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H-E-B owner sides with Harris County, says mail-in ballots make a ‘stronger’ democracy


Charles Butt, the billionaire owner of the San Antonio-based grocery chain H-E-B, sent a letter to the Texas Supreme Court this week, siding with Harris County on its plan to send mail ballot applications to all registered voters ahead of the November election.

In the letter, Butt argued that Harris County Clerk Chris Hollins’ plan was permissible under the Texas Election Code.


“Clerk Hollins’s efforts to make absentee ballots widely available trusts voters, protecting those who are vulnerable from unnecessary exposure in this new Covid world in which we’re living,” Butt wrote. “It’s always been my impression that the more people who vote, the stronger our democracy will be.”

Hollins originally announced plans on Aug. 25 to send the applications to all 2.4 million registered voters in Harris County. The announcement immediately drew pushback from top Texas Republicans, including Gov. Greg Abbott, who claimed that the distribution of the ballots would lead to voter fraud.



Several legal battles ensued. On Monday, the Harris County GOP joined a lawsuit asking the Texas Supreme Court to weigh in on the matter. The same day, Texas Attorney General Ken Paxton sued Harris County in district court over the plan, asserting that “the Harris County clerk decided to knowingly violate election laws.”


On Tuesday, the clerk said his office would only send applications to registered voters 65 and over, who automatically qualify for mail ballots under state law. Hollins said he adjusted the plan pending resolution of the attorney general’s lawsuit.


On Wednesday, the Texas Supreme Court temporarily blocked the county from sending applications to all its voters. The outcome — only sending ballots to those 65 and older — was the same plan Hollins already had announced.

Texas voters are eligible for mail-in ballots if they are at least 65, have a disability, are out of the county or incarcerated during the voting period. The disability clause has been the subject of debate during the coronavirus pandemic. The Texas Supreme Court in May ruled that while the possibility of contracting the coronavirus alone is not enough to qualify for an absentee ballot, a person could be eligible by weighing the virus’ threat against their medical history.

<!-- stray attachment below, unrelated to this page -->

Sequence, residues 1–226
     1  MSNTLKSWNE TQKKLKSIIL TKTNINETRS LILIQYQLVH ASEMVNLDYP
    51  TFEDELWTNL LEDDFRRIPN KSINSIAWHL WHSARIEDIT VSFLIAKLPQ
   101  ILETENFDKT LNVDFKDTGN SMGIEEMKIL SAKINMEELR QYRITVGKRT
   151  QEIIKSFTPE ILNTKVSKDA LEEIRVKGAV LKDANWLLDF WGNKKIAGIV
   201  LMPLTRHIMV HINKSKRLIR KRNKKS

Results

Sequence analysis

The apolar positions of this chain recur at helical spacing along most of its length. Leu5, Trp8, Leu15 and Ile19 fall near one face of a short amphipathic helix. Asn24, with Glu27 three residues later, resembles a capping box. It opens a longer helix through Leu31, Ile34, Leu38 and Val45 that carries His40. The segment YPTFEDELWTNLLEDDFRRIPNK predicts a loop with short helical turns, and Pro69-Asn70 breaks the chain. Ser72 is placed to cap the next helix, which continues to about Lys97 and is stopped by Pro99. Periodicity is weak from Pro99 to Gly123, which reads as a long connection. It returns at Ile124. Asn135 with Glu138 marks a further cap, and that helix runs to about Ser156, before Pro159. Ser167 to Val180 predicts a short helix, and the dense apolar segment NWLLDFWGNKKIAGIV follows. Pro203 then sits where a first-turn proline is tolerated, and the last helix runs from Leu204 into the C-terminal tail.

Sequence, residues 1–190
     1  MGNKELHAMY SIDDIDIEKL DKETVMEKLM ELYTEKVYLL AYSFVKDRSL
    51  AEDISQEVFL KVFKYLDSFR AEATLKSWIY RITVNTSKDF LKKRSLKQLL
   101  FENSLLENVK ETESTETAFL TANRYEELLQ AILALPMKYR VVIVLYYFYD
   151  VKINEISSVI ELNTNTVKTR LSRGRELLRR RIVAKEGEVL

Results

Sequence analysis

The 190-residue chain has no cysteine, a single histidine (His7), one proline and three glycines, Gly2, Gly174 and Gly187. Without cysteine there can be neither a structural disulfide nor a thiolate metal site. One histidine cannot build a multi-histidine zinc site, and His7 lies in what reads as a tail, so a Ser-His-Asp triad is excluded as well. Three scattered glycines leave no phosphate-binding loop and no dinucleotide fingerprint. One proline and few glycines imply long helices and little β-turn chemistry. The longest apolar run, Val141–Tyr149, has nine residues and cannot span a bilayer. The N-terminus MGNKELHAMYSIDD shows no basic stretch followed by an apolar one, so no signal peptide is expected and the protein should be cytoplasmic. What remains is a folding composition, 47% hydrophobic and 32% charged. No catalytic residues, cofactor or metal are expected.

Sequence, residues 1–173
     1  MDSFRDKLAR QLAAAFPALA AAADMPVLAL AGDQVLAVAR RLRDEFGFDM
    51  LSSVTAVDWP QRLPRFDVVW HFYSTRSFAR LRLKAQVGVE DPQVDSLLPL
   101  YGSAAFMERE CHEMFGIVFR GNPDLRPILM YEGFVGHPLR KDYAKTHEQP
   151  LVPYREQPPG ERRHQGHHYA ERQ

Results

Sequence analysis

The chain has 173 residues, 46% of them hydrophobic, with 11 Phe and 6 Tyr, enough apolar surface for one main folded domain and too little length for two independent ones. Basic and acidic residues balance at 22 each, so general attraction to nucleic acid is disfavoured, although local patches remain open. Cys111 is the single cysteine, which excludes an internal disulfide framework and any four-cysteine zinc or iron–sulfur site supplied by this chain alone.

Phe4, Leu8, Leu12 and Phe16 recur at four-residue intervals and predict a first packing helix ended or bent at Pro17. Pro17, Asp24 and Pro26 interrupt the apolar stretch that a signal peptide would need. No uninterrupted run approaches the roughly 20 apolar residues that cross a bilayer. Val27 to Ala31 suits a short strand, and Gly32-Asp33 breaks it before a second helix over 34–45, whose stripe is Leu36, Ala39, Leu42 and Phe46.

Since county clerks and elections administrators in Texas lack a duty to vet mail ballot applications, voters effectively are left to decide for themselves whether they qualify. Nathan Hecht, chief justice of the Texas Supreme Court, reiterated that to the Houston Chronicle editorial board last month.

In a separate legal challenge before a federal appeals court this week, Texas Democrats argued that the state is discriminating against most voters by only allowing seniors to request a mail-in ballot without an excuse. They say that election law violates the 26th Amendment, which says the right to vote cannot be denied or abridged.

Harris county’s plan would not automatically distribute ballots to every Texan — only applications, which the voter would then have to fill out and submit after determining if they qualify. Voters can request an application for a mail ballot online, or even download the form in its entirety on the state’s website.

“Based on our experience at H-E-B, many people, including those of all ages, are nervous about contracting the virus,” Butt wrote. “By extension, in my opinion, many would be anxious about voting in person. Clerk Hollins has reasonably given these voters a chance to guard against perilous exposure in a manner consistent with this Court’s opinion and the Election Code.”

Butt previously has weighed in on political debates, and he is a top contributor during election cycles. His campaign contributions cross party lines.

cayla.harris@hearst.com

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